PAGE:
Okay, so you’re losing potential engine sales to crate motor programs – what do you do? There are several strategies that you can use to combat crate motors, one (or a combination) of which might work for your shop and your area.
#1 – Go With the Flow
There are several ways to make the crate motor craze work for you, the first is to provide “added value.” A great example is a friend who ordered a pair of 454 H.O. engines from GM Performance Parts for his boat. These engines come rated at 430 hp and the power is pretty much over by 5,500 rpm. A local engine builder simply swapped the cams and picked the power up more than 100 hp and extended the useable rpm range by 1,000 rpm. With this simple upgrade the engine builder added a potential 10-12 mph in top speed – incredible added value for the customer.
Another way to make a crate engine program a viable addition to your business is to shop around and find an existing crate motor program you can build on. Schafiroff Race Engines & Components offers its huge big-block Chevy crate motors (454-632 cid) as short blocks unassembled. Some of these “mountain” motors require specialty “tall deck” aftermarket blocks and exotic custom billet crankshafts and rotating assemblies. It would be hard to source and buy these parts individually as cheaply as you can in “kit form” from Schafiroff. When you purchase one of these “kits” the machine work is finished and you get to charge the customer for the assembly, plus you can custom tailor the engine for your customer’s specific application (compression, camshaft, powerband, etc.).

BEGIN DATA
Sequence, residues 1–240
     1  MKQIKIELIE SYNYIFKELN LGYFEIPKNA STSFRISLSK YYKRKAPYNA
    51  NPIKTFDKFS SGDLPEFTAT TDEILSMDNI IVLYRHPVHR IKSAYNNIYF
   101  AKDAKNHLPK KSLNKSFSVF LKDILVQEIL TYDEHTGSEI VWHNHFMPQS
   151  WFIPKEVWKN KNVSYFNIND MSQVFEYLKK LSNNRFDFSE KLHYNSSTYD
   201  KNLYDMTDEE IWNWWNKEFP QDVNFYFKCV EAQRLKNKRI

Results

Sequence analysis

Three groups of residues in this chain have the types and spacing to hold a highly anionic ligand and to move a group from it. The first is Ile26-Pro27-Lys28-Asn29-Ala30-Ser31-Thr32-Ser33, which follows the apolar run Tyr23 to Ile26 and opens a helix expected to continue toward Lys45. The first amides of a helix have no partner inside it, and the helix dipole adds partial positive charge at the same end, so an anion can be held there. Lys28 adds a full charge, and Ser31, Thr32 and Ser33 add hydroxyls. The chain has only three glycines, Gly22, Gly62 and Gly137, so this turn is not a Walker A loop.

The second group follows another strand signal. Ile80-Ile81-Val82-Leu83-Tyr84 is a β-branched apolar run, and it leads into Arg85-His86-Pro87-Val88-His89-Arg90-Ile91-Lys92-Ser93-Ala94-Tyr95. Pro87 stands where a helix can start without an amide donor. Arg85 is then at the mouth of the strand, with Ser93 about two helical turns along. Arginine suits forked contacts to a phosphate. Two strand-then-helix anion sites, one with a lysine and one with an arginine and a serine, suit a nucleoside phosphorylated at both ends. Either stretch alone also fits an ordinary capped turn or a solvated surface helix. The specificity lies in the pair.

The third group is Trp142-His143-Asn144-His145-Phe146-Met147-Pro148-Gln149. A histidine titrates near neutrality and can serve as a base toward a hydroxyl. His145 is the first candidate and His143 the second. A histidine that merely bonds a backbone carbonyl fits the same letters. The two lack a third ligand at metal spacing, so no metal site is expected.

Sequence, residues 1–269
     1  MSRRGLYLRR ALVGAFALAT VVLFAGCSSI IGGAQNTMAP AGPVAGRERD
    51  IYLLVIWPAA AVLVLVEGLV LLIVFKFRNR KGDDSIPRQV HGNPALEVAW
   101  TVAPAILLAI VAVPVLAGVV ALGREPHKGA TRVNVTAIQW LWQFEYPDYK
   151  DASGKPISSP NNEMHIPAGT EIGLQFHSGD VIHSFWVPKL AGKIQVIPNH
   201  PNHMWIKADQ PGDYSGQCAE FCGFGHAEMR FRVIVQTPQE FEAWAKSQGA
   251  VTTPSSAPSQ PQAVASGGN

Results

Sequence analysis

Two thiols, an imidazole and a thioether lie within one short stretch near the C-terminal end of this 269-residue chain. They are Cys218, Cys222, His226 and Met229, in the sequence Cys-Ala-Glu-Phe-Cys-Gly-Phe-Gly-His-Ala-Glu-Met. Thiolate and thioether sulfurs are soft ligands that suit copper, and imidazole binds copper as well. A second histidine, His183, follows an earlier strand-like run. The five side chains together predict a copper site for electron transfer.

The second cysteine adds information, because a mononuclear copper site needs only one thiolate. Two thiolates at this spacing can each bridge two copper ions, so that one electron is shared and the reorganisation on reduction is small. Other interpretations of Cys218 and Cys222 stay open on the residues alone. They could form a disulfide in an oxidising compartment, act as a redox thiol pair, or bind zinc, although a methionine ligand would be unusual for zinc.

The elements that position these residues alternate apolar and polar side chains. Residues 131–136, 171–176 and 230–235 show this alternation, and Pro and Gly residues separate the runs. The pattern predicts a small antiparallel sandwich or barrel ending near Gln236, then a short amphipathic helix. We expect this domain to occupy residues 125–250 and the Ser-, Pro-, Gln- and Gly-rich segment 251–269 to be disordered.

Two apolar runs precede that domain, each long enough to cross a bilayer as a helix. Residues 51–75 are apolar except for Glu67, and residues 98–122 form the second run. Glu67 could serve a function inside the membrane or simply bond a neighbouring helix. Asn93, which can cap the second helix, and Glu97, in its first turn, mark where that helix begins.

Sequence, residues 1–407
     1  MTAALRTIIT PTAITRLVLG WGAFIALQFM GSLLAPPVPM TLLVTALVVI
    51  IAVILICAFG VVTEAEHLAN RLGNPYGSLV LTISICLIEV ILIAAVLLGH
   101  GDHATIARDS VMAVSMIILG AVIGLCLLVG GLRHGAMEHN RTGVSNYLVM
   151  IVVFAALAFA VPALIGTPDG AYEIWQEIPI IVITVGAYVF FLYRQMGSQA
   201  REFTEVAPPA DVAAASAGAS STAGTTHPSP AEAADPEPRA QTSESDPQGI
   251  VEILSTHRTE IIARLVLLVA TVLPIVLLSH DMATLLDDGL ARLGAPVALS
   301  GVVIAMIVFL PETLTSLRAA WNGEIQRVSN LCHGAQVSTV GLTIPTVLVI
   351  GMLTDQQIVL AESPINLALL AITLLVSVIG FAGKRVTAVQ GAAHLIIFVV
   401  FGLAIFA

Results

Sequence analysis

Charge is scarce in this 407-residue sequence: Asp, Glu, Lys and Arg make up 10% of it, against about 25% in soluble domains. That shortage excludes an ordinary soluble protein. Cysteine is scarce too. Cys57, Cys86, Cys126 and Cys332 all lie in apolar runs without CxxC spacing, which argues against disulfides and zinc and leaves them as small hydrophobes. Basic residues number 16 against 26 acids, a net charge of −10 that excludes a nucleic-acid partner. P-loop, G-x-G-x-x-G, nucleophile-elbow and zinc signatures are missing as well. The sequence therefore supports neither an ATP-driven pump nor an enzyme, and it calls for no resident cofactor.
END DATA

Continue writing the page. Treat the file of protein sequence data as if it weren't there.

#2 – Buck the Trend!